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While a student loan may seem onerous to an 18-year-old freshman or his or her parents, it could very well prove to be a wise investment for a young person's future earning power.
Although some loans are offered directly by an education institution as part of its package of financial aid or by non profit organizations, most loans are either federal education loans or private loans. Here's a brief description of both:
- Federal education loans are guaranteed by the federal government. These low-interest loans are not payable until graduation, assuming that the student remains in school at least on a half-time basis. They are not based on the borrower's proven ability to repay. Where financial need is proven, these loans are subsidized by the government, which pays interest to the lender while the student is in school. Where financial need has not been demonstrated, these loans are not subsidized and the student will have to pay the accrued interest. Application is through the educational institution's financial aid office. The two largest programs are the Federal Family Education Loan Program (FFELP) and the Federal Direct Student Loan Program (FDSLP) program, which include Federal Stafford loans. Other major programs include the Federal Perkins Loan Program, which is based on exceptional financial need, and the Federal Parent Loan for Undergraduate Students (PLUS), which is available to parents whose dependent children are attending college. States also offer education loans. Each program offers varying loan amounts and obligations, and carries its own criteria. A large number of graduates defaulted on their student loans in the 1970s and 1980s by declaring bankruptcy, forcing taxpayers to pay off these debts, but bankruptcy rules have been changed to stem such defaults. In an act called "loan forgiveness," part or all of a student loan might be "erased" if the graduate assumes certain jobs involving community service. Some professional organizations help lift the debt load of graduates who take certain positions within the profession. For instance, a legal association might help a graduate who takes a job at a legal assistance clinic serving the impoverished. Students and graduates who are considering the consolidation of their college loans should weigh the long-time costs first or they might end up paying a relatively high amount of interest.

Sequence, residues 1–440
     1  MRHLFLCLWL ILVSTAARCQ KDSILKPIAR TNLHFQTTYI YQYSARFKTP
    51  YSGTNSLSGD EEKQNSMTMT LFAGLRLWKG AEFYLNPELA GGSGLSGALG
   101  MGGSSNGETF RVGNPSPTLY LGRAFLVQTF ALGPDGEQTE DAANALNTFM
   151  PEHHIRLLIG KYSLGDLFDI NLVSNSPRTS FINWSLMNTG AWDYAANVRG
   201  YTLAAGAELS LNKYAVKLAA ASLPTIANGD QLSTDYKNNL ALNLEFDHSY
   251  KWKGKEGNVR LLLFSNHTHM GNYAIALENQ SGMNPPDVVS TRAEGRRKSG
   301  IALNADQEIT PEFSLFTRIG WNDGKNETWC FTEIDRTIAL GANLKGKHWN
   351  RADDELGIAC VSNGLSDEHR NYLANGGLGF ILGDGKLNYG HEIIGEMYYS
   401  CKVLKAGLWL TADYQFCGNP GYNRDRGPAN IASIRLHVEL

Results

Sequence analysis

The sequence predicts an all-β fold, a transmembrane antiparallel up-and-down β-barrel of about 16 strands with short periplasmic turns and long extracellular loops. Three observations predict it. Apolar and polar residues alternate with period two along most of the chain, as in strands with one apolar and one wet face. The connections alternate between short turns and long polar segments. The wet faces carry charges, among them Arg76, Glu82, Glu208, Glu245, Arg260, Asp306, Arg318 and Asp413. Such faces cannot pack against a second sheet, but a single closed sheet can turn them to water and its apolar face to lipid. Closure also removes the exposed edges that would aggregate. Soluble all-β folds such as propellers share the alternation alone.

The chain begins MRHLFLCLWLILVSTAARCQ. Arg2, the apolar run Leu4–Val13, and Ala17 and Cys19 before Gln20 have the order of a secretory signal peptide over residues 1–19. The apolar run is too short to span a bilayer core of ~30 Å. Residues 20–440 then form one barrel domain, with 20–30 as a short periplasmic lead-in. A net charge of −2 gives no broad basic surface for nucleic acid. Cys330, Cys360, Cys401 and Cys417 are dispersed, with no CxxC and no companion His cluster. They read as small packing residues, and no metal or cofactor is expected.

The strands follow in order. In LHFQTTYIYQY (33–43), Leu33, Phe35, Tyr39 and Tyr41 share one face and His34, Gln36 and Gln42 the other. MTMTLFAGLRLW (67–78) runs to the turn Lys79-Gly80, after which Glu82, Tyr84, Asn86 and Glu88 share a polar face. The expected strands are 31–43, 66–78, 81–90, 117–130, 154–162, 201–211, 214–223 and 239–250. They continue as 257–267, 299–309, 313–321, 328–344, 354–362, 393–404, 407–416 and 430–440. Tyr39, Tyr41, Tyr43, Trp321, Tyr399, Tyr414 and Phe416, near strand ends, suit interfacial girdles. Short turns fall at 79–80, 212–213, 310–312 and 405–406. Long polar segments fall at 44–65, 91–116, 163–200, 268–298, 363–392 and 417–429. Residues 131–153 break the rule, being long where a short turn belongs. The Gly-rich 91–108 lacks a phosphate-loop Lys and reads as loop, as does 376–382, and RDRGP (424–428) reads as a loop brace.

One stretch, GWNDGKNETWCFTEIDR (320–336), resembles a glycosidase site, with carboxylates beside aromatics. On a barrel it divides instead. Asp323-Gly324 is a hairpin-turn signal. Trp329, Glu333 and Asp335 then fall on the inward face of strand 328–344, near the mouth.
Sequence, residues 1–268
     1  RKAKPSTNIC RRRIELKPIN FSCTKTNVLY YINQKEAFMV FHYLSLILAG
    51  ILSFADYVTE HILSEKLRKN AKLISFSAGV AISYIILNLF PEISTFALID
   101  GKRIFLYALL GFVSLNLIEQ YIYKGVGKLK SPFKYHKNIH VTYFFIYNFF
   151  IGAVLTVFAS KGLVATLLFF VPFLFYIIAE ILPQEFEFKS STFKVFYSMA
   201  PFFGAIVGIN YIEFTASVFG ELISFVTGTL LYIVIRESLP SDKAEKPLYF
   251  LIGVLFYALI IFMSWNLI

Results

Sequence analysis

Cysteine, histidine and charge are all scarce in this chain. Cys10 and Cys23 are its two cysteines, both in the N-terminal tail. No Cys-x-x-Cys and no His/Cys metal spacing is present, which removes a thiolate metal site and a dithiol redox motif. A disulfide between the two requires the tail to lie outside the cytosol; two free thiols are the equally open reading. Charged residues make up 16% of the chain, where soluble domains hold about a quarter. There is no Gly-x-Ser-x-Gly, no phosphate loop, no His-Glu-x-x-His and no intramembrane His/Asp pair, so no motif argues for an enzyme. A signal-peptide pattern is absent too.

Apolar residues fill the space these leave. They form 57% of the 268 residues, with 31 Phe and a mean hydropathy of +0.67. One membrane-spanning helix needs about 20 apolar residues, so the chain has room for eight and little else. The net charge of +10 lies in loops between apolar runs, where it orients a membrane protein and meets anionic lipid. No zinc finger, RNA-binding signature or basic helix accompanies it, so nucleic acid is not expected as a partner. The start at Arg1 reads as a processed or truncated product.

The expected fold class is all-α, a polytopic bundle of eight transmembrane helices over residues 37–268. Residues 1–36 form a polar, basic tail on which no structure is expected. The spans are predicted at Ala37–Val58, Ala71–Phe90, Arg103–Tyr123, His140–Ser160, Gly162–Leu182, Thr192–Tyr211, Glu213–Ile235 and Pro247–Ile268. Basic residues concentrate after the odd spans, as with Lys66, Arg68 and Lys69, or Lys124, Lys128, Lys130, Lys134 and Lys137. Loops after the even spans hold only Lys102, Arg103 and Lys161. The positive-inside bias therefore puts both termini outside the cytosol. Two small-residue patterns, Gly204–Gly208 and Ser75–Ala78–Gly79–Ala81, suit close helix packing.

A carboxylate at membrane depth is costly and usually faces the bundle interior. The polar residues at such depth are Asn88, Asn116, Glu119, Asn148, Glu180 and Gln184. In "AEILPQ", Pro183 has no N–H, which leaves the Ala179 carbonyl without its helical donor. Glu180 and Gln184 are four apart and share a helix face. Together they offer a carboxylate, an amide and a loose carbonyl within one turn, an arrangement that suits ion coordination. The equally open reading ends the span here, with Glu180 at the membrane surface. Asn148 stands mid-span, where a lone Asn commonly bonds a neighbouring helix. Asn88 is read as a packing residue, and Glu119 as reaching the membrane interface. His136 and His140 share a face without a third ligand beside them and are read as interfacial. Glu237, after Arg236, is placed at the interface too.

- Private loans are unsubsidized by the government, secured by assets and based strictly on the borrower's proven ability to pay. These loans are available through corporations, and banks and other financial institutions. Lenders have specific criteria and a student might have to be pursuing a certain kind of major to be eligible. Repayment on these loans generally begins immediately.
This article is provided for general guidance and information. It is not intended as, nor should it be construed to be, legal, financial or other professional advice. Please consult with your attorney or financial advisor to discuss any legal or financial issues involved with credit decisions.